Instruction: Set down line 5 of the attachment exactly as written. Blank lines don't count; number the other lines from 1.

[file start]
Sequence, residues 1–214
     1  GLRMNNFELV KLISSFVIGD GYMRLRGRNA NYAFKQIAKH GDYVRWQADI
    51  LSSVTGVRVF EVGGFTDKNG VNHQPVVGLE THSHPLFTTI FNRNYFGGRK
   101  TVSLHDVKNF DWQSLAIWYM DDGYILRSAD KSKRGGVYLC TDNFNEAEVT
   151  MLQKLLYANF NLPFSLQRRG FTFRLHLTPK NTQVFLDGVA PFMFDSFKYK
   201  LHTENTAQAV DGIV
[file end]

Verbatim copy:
   151  MLQKLLYANF NLPFSLQRRG FTFRLHLTPK NTQVFLDGVA PFMFDSFKYK